But what does Malki have to do with Mulek? Seems the ancient Hebrews weren’t too keen on vowels. They just didn’t like them. They didn’t use them in their writing; only the consonants. Sounds confusing to me. But when we write out those old Jewish names today, we put in vowels to make them easier to say. The consonants in Malki are kind of the same as the consonants in Mulek. No wait. They are exactly the same. Some smart feller at the Department of Archaeology at Tel Aviv University said that “Malkiyahu is a common name and was even borne by a contemporary son of king Zedekiah.” (This smart feller’s last name is Ahoroni. He is Jewish. I don’t even want to get started with that name and how it kind of sounds like somebody else’s name. But it sounds like he is purty close to agreeing with this farm boy’s book, as far as this goes.)
What we end up with is this 1829 book giving the name Mulek as the son of king Zedekiah. Zedekiah’s name is mentioned in the Bible. Mulek’s is not. Or is it? Looks like something very like it is actually encrypted into a bad translation from one verse of Jeremiah in the King James. I’m thinking the guy who dictated Mulek from the bottom of a hat in 1829 didn’t know this, though. It’s hard enough for me just to get my head around this MalkiYahu thing. I cain’t imagine coming up with it myself out of whole cloth.
According to the story in this book, Mulek is not just the only one of Zedekiah’s sons that lives, he also ends up becoming the king of another group that heads out of Jerusalem in the nick of time. Did I mention the word Mulek means “king” in Hebrew? But now that farm boy is just showing off.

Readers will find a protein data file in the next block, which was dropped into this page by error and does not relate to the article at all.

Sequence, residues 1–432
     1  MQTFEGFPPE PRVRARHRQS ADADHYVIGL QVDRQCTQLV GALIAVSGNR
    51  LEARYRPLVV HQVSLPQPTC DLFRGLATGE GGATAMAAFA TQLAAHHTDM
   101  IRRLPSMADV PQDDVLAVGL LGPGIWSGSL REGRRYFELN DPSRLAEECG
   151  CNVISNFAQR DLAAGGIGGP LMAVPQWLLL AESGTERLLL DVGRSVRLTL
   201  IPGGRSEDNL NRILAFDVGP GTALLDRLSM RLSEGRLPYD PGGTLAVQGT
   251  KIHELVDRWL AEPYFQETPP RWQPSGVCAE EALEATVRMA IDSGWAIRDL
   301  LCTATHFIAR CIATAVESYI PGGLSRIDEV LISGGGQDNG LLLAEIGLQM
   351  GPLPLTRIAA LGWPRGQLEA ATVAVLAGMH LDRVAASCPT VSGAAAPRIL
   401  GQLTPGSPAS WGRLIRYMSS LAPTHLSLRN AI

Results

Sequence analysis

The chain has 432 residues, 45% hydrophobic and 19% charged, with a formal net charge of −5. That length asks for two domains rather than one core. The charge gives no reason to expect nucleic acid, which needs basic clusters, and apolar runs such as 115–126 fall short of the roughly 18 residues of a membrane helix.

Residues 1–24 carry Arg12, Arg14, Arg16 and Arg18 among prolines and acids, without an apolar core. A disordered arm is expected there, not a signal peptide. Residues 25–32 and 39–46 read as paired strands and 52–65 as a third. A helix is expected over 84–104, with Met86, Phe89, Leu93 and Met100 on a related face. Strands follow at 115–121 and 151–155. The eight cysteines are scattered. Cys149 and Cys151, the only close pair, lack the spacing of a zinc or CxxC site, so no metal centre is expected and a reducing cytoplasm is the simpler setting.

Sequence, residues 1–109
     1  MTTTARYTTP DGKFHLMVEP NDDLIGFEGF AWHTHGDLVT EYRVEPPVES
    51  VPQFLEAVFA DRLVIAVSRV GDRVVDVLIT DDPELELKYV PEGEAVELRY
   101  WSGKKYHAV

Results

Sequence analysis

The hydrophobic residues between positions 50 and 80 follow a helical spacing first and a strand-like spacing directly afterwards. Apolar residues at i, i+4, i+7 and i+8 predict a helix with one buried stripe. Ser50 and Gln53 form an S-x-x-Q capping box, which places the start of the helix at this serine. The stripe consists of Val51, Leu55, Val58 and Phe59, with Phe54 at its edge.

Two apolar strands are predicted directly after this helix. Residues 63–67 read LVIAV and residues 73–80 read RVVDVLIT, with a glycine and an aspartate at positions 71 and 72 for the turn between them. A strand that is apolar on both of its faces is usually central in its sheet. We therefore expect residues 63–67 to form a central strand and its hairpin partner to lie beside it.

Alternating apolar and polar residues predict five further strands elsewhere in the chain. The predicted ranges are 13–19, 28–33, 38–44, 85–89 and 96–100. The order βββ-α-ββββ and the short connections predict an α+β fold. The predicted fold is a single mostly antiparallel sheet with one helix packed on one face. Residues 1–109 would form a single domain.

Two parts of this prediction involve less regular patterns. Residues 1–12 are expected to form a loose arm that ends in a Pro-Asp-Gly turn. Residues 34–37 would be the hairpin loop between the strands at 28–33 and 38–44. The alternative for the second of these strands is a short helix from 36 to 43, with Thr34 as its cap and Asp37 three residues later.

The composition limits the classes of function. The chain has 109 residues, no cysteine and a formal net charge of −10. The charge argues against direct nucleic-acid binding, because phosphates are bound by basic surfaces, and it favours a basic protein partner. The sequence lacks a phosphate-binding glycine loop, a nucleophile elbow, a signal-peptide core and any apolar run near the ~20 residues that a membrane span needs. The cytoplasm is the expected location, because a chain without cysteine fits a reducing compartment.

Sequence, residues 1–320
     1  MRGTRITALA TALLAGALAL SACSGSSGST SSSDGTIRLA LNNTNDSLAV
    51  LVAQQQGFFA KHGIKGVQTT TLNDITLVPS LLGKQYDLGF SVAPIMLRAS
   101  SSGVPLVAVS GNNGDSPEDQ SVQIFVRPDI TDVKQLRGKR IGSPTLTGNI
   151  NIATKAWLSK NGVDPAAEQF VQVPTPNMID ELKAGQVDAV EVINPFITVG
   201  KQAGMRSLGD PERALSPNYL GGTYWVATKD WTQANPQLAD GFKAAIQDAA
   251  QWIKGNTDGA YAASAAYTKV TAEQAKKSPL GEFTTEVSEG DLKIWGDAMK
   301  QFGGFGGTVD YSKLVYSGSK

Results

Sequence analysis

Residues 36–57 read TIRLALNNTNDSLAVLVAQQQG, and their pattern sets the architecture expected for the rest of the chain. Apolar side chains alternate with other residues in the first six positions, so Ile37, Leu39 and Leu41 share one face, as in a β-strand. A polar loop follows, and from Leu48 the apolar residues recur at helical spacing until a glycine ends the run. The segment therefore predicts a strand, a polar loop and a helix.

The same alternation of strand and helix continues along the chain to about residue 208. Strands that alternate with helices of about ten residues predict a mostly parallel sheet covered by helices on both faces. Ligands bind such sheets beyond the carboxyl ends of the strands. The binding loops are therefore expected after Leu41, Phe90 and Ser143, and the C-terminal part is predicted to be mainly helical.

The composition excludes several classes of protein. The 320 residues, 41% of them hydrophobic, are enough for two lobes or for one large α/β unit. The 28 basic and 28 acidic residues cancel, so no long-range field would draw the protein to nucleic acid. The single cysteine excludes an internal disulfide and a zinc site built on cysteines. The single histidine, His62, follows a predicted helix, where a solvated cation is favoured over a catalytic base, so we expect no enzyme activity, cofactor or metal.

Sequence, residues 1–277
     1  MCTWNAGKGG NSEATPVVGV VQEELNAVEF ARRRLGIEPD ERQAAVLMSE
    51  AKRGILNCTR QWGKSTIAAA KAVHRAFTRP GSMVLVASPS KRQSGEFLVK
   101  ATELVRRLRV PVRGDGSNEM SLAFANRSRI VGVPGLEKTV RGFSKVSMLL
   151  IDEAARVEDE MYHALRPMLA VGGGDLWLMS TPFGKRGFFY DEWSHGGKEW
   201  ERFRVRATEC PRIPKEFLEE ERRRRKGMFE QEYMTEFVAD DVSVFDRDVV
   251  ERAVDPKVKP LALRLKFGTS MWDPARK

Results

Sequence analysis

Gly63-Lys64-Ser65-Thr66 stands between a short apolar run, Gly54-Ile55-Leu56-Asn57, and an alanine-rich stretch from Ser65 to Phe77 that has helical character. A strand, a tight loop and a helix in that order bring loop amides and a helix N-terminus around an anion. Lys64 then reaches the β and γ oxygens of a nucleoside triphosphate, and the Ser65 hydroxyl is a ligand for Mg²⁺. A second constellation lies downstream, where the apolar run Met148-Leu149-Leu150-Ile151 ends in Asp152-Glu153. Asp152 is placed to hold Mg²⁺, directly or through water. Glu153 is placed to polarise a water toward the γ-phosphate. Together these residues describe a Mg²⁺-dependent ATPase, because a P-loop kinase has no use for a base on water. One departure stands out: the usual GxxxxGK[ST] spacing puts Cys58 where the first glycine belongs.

This here farm boy describes the book he says he dictated off of as being writ on gold plates with holes punched on one side and metal loops stuck through to keep the pages from scattering. Now who ever heerd of such a thing as that? What an imagination on that boy! So much imagination, in fact, that it took into the next meelinioom for gold books to start turning up. The first one knowd to modern man shows up in Boolgaria back in 2003. Folks say it was writ in “Etruscan” or something. Dates clear back to 600 B.C., right when the farm boy says his book starts. It warn’t but another two years before another gold book gets found. This one in Iran. Eight gold sheets writ in coonayiform. So one gold book found in 2003. Another one found in 2005. Both writ on gold plates with holes punched on one side and metal loops stuck through to keep the pages from scattering. Some imagination on that farm boy, I say.